Income Taxes
The Company accounts for income taxes in accordance with FASB ASC Topic 740-10, “Income Taxes.” Accordingly, the Company provides deferred income tax assets and liabilities based on the estimated future tax effects of differences between the financial and tax bases of assets and liabilities based on currently enacted tax laws. A valuation allowance is established for deferred tax assets in amounts for which realization is not considered more likely than not to occur.
The Company reports any interest and penalties accrued relating to uncertain income tax positions as a component of the income tax provision.
Earnings Per Share
Basic earnings per share is computed by dividing the net income (loss) less accrued dividends on any outstanding preferred stock by the weighted average number of common shares outstanding for the period. Diluted earnings per share calculations reflect the assumed exercise of all dilutive employee stock options and warrants applying the treasury stock method promulgated by FASB ASC Topic 260, “Earnings Per Share” and the conversion of any outstanding convertible preferred shares or notes payable that are-in-the-money, applying the as-if-converted method. However, if the assumed exercise of stock options and warrants and the conversion of any preferred shares or convertible notes payable are anti-dilutive, basic and diluted earnings per share are the same for all periods. As a result of the net losses generated in 2016 and 2015, all outstanding instruments would be antidilutive. As of December 31, 2016 and 2015, there were 7,227,738 and 7,475,623 respectively, of common stock share equivalents potentially issuable under convertible debt agreements, options, conversion of preferred shares (excluding accrued dividends), and warrants that could potentially dilute basic earnings per share in the future.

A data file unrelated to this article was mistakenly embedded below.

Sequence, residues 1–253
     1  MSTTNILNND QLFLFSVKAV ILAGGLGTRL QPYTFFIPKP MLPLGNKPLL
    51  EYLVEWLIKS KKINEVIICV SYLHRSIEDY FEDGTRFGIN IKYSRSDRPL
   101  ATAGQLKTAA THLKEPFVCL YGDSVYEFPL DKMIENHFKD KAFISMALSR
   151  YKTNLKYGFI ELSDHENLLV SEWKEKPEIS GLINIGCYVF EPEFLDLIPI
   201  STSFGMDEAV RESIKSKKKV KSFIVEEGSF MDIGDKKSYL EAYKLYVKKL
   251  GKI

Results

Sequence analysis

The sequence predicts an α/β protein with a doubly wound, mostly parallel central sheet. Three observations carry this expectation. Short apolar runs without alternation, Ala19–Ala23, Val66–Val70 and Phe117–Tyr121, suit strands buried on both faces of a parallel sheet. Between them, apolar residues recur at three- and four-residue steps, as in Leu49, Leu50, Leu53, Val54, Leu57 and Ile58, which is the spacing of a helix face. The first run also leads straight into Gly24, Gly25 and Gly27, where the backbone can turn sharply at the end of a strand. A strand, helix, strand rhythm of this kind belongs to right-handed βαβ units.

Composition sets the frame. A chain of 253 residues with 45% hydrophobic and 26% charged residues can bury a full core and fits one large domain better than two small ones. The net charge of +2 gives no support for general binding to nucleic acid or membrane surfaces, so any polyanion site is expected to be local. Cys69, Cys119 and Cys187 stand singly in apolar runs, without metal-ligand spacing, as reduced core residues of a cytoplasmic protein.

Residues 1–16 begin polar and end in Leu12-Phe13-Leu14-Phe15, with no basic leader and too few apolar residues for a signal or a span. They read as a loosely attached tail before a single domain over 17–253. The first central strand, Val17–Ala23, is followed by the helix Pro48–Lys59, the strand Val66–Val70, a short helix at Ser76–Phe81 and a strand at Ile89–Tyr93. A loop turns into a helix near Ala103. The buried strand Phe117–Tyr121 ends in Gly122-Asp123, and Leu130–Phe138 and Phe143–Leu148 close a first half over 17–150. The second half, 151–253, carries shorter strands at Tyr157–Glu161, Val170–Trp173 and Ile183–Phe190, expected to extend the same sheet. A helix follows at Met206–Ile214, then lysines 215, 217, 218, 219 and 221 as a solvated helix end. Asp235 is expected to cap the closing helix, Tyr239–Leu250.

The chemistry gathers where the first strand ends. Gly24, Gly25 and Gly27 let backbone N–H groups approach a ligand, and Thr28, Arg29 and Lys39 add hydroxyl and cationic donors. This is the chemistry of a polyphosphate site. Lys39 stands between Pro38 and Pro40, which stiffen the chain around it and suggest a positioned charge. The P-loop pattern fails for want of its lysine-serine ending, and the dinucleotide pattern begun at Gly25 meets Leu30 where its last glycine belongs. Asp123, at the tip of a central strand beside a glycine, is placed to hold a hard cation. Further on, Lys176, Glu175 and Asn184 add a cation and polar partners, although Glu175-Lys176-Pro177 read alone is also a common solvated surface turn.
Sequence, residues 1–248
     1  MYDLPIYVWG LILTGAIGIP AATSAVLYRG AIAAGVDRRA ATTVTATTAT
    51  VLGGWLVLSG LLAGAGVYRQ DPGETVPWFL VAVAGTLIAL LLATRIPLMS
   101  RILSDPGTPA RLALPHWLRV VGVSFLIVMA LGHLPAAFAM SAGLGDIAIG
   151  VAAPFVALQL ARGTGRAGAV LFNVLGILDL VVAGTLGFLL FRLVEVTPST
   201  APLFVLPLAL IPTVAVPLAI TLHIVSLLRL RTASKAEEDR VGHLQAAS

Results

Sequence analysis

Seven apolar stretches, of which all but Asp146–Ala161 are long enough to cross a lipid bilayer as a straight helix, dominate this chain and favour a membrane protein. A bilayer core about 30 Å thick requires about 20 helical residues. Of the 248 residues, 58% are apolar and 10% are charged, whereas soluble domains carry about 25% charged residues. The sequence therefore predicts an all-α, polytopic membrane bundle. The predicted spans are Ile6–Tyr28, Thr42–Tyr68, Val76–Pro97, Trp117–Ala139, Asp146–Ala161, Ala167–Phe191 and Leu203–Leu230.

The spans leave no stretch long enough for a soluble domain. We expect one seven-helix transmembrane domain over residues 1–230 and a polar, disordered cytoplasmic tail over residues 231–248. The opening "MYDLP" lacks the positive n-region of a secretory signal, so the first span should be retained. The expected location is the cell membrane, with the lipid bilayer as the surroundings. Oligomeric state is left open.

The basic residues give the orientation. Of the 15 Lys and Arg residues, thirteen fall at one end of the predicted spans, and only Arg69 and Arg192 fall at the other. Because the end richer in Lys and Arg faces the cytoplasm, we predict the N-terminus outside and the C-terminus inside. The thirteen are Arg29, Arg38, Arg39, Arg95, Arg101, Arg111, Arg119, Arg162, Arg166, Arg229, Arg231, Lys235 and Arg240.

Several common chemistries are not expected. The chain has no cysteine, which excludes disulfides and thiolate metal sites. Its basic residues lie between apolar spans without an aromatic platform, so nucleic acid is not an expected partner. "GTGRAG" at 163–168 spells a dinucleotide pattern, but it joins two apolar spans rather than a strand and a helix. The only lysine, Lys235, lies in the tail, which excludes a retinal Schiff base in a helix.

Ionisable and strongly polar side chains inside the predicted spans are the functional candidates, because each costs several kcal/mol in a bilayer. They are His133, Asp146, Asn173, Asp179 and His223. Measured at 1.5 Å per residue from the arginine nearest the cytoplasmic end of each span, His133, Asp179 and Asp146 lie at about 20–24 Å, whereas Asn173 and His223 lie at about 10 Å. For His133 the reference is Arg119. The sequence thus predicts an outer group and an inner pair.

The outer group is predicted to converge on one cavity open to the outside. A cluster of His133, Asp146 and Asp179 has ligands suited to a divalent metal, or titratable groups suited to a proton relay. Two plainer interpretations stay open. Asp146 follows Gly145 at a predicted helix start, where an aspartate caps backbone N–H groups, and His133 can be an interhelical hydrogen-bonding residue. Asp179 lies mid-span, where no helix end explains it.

Stock-Based Employee Compensation
The Company accounts for share-based compensation to employees and directors in accordance with FASB ASC Topic 718 “Compensation Stock Expense,” which requires that compensation expense be recognized in the consolidated financial statements for share-based awards based on the grant-date fair value using a Black-Scholes valuation model of those awards. The Company uses the fair market value of our common stock on the date of each option grant based on market price of the Company’s common shares. Stock-based compensation expense includes estimates of forfeitures, option lives, and stock price volatility, and is recognized over the requisite service periods of the awards on a straight-line or graded vesting basis, which is generally commensurate with the vesting term. Stock-based compensation expense associated with stock option grants for the years ended December 31, 2016 and 2015 was $756,928 and $568,848, respectively. The Company issues new shares upon stock option exercises.
Derivative Liability and Fair Value Measurements
FASB ASC Topic 820, “Fair Value Measurements and Disclosures” defines fair value, establishes a framework for measuring fair value in generally accepted accounting principles, and expands disclosures about fair value measurements. ASC 820 clarifies that fair value is an exit price, representing the amount that would be received to sell an asset or paid to transfer a liability in an orderly transaction between market participants. ASC 820 permits an entity to measure certain financial assets and financial liabilities at fair value with changes in fair value recognized in earnings each period. In accordance with ASC 815-10-25 Derivatives and Hedging we measured the derivative liabilities using a Monte Carlo Options Lattice pricing model at their issuance date and at each subsequent reporting date. Accordingly, at the end of each quarterly reporting date, the derivative fair market value is remeasured and adjusted to current market value. Derivatives that have more than one year remaining in their life are shown as long term.